Improve Mood/Increase Feelings of Wellbeing

Recap: Looking at Wood (01-29-21)

Lipovac and Burnard review published research related to looking at wood (physical or virtual indoor interactions with real or imitation wood) and reach the conclusion that “Studies with longer exposure times to wood generally observed improved affective states [moods] and decreased physiological arousal in wooden settings. . . . Current evidence suggests that visual wood exposure may improve certain indicators of human stress. . . . Current research suggests that visual wood exposure could lead to beneficial outcomes, but the evidence is limited.  .  .

COVID and At-Home Plants (01-28-21)

Perez-Urrestarazu and colleagues confirm the psychological value of plants by discussing at-home experiences during the pandemic.  The researchers share that they learned via a survey completed by thousands of participants that the presence of “Indoor plants correlated with positive emotional well-being during the COVID-19 confinement.  Negative emotions were more frequent in those living in small sized homes with minimal natural light and deprived of plants.  Few plants strategically placed indoors and a higher number of plants combined with living walls outdoors are preferred. . .

Depression and Street Trees (01-27-21)

Marselle and colleagues link more street trees closer to homes to a decreased likelihood that residents will be depressed.  The investigators report that they  “analysed the association of street tree density and species richness with antidepressant prescribing for 9751 inhabitants of Leipzig, Germany. We examined spatial scale effects of street trees at different distances around participant’s homes, using . . . buffers of 100, 300, 500, and 1000 m. . . . we found a lower rate of antidepressant prescriptions for people living within 100 m of higher density of street trees. . . .

Clutter and Wellbeing (01-21-21)

Research completed by Rogers and Hart confirms that experiencing visual clutter is undesirable.  The duo found that when people feel that their homes are cluttered, their wellbeing is degraded,  “although the correlation between objective and subjective clutter was strong, 47.3% of those who scored in the healthy range of clutter on the objective clutter scale, reported that clutter has negatively impacted their quality of life. . . . This suggests that even when people manage clutter reasonably well, it can impact their quality of life. . . .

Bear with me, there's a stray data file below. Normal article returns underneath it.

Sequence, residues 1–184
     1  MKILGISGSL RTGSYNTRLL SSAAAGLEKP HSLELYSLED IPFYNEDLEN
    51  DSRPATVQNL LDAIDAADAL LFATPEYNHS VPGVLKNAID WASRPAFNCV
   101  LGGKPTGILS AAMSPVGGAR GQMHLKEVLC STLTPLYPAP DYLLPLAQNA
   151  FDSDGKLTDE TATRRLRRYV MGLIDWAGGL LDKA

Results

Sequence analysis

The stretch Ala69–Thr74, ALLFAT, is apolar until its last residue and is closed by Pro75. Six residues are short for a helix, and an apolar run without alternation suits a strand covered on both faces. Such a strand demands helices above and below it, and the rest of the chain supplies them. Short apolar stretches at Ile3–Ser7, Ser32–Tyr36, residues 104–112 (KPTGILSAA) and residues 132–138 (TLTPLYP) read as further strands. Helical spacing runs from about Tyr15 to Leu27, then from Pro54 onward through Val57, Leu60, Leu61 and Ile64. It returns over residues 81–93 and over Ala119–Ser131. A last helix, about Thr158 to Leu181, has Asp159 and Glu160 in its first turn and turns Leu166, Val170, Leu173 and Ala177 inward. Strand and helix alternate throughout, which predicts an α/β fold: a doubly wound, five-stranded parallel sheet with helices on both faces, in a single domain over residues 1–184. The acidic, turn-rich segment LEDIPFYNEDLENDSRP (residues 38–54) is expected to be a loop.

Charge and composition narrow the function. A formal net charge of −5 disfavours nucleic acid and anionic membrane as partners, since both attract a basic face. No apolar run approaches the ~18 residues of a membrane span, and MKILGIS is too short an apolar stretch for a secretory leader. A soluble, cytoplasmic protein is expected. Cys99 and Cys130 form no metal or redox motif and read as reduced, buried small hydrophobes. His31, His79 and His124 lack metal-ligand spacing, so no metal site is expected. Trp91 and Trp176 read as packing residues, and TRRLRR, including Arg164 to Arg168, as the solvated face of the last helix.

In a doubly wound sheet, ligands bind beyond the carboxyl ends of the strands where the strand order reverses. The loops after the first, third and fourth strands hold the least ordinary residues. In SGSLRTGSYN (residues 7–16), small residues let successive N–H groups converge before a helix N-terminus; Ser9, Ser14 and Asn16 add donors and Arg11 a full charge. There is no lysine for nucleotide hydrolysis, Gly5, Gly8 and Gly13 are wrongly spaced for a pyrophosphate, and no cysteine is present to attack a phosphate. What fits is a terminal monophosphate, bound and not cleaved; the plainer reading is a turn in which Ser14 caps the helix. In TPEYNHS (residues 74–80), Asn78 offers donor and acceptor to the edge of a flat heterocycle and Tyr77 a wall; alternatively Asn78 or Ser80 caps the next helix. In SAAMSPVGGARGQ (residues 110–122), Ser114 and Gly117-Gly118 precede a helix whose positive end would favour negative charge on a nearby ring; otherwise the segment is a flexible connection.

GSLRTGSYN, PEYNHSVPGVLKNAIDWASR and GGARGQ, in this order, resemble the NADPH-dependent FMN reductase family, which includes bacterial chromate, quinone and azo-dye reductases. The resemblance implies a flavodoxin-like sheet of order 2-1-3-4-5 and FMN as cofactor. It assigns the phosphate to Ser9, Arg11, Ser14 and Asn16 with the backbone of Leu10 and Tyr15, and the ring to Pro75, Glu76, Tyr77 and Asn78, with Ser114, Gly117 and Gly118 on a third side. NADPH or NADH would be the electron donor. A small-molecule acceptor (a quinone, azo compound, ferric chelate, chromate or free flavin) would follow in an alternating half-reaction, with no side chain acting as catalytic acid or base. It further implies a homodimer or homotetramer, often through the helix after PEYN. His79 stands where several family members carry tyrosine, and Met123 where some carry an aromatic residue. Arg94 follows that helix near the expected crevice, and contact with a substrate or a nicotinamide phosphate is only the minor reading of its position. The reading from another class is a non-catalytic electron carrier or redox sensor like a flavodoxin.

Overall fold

Fractals and Kids (12-14-20)

Researchers have determined that children as young as 3 respond positively to seeing fractal patterns, just as adults do.  Robles, Taylor, Sereno, Liaw, and Baldwin found that “Before their third birthdays, children already have an adult-like preference for visual fractal patterns commonly seen in nature. . . . We found that people [both adults and children] prefer the most common natural pattern, the statistical fractal patterns of low-moderate complexity . . . ’ Robles said. . .

Pandemics and Gardens (12-11-20)

Corley and colleagues found relationships between spending time during the COVID pandemic  in home gardens and the wellbeing of older people (mean age of 84) living in Scotland. The researchers learned via an online survey in May/June 2020 that “Spending more time in a home garden associated with greater subjective wellbeing.  . . .Neither gardening nor relaxing in the garden were associated with health outcomes. However, higher frequency of garden usage during lockdown was associated with better self-rated physical health . . . emotional and mental health . . . sleep quality . . .

Biological Diversity and Wellbeing Linked (12-02-20)

Methorst and colleagues investigated links between nearby species biodiversity and human wellbeing. The researchers report that they “examine[d] the relationship between species diversity and human well-being at the continental scale, while controlling for other known drivers of well-being. We related socio-economic data from more than 26,000 European citizens across 26 countries with macroecological data on species diversity and nature characteristics for Europe.


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